Friday, July 16, 2010


James Reasoner and I have discussed the fact that we can remember where we bought certain books, even though we bought them years and years ago. I remember buying The Hundred-Dollar Girl off a rack in Austin, Texas, very clearly. I could even describe the place, though it's long gone. This was the first William Campbell Gault book I bought, I believe, though it's the seventh book to feature Joe Puma. I'm not counting The Cana Diversion, and neither should you. I am counting Shakedown, half of an early Ace Double by "Roney Scott," but the Puma in that book isn't really the same guy who appears in the others. Five of the books were published by Fawcett Crest as paperback originals, and this one was published in hardcover by Dutton before being reprinted by Signet. The other night, for some reason, I decided I wanted to read it again after more than 40 years, so I got it down off the shelf. As you can see, it's still in pretty good shape.

The story has Puma investigating the murder of a boxer's manager. Gault was one of the best when it came to writing about sports, and this is a good story. The manager is murdered, and then there's another murder. Obviously they're connected, but just how is hard to figure. Puma sleeps with a couple of women, gets knocked around a lot (which is hard to figure, considering how big he is), eats well, and deals with goons, mobsters, cops, and women in his inimitable fashion. Puma has a quick temper, and it gets him in lots of trouble that a smoother operator might have avoided. But the temper (and the integrity) is part of what makes Puma such an interesting character. A lot of people perfer him to Gault's other p.i., Brock "The Rock" Callahan.

Gault won an Edgar, got good reviews, and had a lot of devoted readers (including me). But he never made much money from his mystery writing. So he left the mystery field and took to writing YA novels, many of which were highly successful, went through numerous printings, and which made him a lot more money than his mysteries ever did. I think I deserve a little credit for luring him back to mysteries because I did an interview with him for Billy Lee's Paperback Quarterly around 1979 or so. Then he was invited to the Bouchercon in Milwaukee and found out that he had a lot of fans who remembered him. He revived the Callahan series, and while the books weren't quite what they used to be, several of them came close to recapturing the old feel. If you haven't read any of Gault's books, it's time to check them out.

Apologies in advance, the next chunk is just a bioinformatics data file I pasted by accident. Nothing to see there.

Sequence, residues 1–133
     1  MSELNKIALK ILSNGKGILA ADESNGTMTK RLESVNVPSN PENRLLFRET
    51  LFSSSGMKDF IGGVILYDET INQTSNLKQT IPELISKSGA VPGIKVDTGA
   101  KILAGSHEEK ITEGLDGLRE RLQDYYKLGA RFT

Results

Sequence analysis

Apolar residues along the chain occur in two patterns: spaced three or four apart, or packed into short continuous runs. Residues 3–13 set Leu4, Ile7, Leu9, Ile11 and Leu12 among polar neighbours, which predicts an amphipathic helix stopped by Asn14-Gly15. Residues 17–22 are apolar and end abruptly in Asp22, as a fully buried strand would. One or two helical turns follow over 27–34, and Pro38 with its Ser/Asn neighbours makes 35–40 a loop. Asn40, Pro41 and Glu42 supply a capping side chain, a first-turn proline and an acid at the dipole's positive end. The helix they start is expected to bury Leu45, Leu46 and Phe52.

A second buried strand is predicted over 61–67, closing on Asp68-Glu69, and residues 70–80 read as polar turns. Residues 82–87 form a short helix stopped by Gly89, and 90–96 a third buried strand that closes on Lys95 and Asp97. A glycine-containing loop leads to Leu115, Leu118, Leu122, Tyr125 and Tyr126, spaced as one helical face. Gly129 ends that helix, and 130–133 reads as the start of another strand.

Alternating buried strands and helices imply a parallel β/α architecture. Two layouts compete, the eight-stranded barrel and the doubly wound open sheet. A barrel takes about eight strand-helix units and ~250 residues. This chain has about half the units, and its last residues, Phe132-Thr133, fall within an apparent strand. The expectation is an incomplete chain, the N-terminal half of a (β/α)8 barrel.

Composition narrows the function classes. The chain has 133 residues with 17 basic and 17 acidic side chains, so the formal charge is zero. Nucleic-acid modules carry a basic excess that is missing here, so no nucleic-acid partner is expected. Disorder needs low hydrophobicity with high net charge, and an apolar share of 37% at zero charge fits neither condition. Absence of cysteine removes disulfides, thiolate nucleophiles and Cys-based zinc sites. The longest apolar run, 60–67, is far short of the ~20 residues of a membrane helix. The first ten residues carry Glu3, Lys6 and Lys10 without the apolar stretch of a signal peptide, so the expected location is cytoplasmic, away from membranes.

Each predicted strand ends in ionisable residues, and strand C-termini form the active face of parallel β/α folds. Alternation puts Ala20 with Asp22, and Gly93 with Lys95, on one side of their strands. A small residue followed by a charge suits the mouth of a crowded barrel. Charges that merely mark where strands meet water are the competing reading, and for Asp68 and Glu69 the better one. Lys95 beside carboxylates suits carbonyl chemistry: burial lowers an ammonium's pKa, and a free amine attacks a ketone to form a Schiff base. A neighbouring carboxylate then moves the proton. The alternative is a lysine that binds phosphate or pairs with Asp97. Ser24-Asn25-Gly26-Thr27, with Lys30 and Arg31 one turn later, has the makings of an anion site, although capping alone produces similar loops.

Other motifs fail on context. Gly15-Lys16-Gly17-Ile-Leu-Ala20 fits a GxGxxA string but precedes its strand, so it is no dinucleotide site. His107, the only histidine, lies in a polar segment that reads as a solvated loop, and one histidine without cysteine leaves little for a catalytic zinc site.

This is a reprint of a post I did about 5 years ago. I was looking at the book the other night and thought it would make a great FB post, and then I remembered I'd already written about it. So here it is again. Some of you may have missed it the first time.


Ron Scheer said...

Sounds as fresh as if it had been written yesterday. Thanks.

Anonymous said...

I still remember that Bouchercon in Milwaukee and how surprised and pleased Gault was to find so many fans still remembered him and his books.

People shook his hand, told him how much they liked his stuff, bought him drinks. He had a great time and you helped make it happen.


August West said...

I agree with everything you said Bill. Gault was one of the best. My first Gault reads were the Joe Puma books. Then I zipped through those early Brock Callahan ones. Lately I've been catching up on the later Callahan novels from the 80s. I remember a pesky sort of neighbor that Brock and Jan had living across the street in the novel "Cat and Mouse." That neighbor had a familiar name.

I also enjoyed all the excellent non-series mystery novels that Gault authored. One that I am having trouble finding is "Phantom." (1957) I think it's the only one that I haven't read.

Unknown said...

Yes, Gault was a great guy and he tuckerized me in that book. I haven't read Gault's juveniles, but I've read just about everything else. Hadn't heard about Phantom. I'll have to be looking for that one.

Todd Mason said...

I wouldn't be surprised if I commented on this post on its original appearance, but nonetheless I'm glad to see it again...even today, I think, YA books with legs are a bit more likely to be sustained in print than adult novels, and I think much of what else drew Gault to YA writing is that he could readily find a market for sports fiction that he couldn't, without other factors, in the adult market. I've mentioned that the first Gault I read were racing stories, for the better sports pulps, reprinted in auto-racing fiction anthologies published in the '60s, and a basketball novel that was included in a reading text from the late '60s/early '70s...he found an audience there, even if they're now all out of print...and thanks for helping him find his audience in CF again. The late work in crime fiction is also good stuff...